By the way, I had obtained a JCB service manual for my machine online, from Best Manuals, (USA) for $US19.99 and downloaded electronically. It had some very useful information. Including that replacement seals might be different from the originals. And they were. They looked different.

The seals went onto the piston fairly easily, with the assistance of a large cable tie, which was used to pull the large central rubber seal into its groove. The remainder of the piston seals were split, and positioned easily. The gland seals fitted easily, except for the large internal rubber seal which required considerable pushing and effort.

The gland was then pushed onto the piston rod, then the piston was screwed on, after cleaning the threads, treating them with Loctite 7471, and thread retainer 720. Then tightened with wrench and 1.5m extension.

My very untidy workshop, undoing the piston nut. The same setup for tightening. The manual specified 300 ft-lb, but my torque wrench does not measure such a large tension, so I just used all of my strength to tighten the nut, using the extension. The aluminium jaws are just supporting the rod. Most of the pressure is held by the foreground vice.

Then I attempted to insert the piston into the cylinder. But it would not go. So I pushed harder. Still no go. Tried wiggling. twisting, pushing harder. No Go. Bummer. 4pm on a Friday afternoon. Long holiday weekend imminent. Threw the parts into the boot and drove to Enzed. About 15″ away. Maybe there is a special tool or press to push the parts together?

They helped me immediately. I guess that my previous business a few days earlier and quick payment of their bill helped. They mounted the cylinder in a chain- pipe vice, and pushed and strained, but no better result than I had. The piston with its new seals just would not fit into the cylinder.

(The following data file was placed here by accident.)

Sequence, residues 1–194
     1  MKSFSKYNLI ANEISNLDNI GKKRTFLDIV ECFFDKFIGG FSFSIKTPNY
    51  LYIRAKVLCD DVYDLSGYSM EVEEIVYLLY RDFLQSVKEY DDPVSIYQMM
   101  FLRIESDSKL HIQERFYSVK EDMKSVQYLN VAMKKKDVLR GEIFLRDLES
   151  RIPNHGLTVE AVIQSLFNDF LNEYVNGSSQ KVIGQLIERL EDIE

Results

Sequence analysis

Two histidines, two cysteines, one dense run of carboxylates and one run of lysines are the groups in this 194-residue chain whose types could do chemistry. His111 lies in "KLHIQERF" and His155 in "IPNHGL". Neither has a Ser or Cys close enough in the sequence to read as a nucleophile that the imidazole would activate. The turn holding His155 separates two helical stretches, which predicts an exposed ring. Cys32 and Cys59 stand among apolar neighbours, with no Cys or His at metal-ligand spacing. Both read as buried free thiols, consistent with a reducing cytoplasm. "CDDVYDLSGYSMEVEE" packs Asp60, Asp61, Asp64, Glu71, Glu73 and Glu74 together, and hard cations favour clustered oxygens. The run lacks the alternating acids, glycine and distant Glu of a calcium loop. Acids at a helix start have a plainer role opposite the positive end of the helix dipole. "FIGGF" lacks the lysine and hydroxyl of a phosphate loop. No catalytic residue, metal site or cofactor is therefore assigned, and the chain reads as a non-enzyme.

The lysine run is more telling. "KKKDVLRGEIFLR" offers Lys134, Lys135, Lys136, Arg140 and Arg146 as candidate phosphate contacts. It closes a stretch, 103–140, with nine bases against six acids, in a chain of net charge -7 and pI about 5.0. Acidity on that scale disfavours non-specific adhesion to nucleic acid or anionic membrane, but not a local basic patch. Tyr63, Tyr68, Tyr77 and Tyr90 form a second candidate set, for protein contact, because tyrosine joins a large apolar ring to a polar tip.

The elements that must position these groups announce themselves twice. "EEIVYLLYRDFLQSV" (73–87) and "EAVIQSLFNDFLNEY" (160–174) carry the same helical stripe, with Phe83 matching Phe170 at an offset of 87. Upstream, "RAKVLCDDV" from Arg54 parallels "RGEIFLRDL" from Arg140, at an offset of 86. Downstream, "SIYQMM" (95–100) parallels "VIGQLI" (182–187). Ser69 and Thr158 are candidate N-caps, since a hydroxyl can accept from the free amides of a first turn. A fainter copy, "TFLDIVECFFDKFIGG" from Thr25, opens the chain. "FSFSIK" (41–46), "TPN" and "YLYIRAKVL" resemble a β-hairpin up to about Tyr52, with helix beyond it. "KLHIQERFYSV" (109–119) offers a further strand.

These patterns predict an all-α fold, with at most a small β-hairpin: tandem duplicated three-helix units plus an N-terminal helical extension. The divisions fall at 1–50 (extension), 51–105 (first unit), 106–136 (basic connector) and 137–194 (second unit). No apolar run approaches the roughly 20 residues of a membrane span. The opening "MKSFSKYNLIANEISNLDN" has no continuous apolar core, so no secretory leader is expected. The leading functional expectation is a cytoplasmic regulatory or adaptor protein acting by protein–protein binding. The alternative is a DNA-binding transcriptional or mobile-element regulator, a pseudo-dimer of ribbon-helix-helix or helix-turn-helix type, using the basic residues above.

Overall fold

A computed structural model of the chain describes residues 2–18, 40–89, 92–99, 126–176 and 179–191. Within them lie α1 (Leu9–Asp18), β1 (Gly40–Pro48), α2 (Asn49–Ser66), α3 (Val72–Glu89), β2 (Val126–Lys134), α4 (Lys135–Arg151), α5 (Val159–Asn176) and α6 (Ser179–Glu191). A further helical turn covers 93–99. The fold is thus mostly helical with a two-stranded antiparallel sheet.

So, he compared the old and the new seals. The new ones were 0.3mm thicker than the old ones. And the diameters seemed larger. I had bought the seals from a JCB dealer, who had said that they were “after market”. Originals no longer made for such an old machine.

Discussion. Decision. Use the old piston seals. The new gland seals seemed fine, so keep them. The old piston seals appeared to be in good condition, and they were installed. And guess what? The piston slid into the cylinder with some pushing. The gland nut was tightened. (with a Stillson I noted).

The charge for 30 minutes of heavy, dirty, specialist time??? $AUD 23.00. I said, “that seems too cheap”. “That’s OK” he said. They will continue to get my business.

Today I re-installed the ram on the JCB.

Fired up the diesel. No leaks!

Operated the bucket control……no leaks, but no movement! Bummer! What now.

Hmm. Could I have put the hoses on back to front? No. They looked correct.

But hang on, the cylinder is facing the wrong way! The paint scuff marks which were on the outside are now facing inside!


So, left the ram as was, switched the hoses, and tried again.

WOO HOO! No Leaks! (including when I tried different ram positions off camera).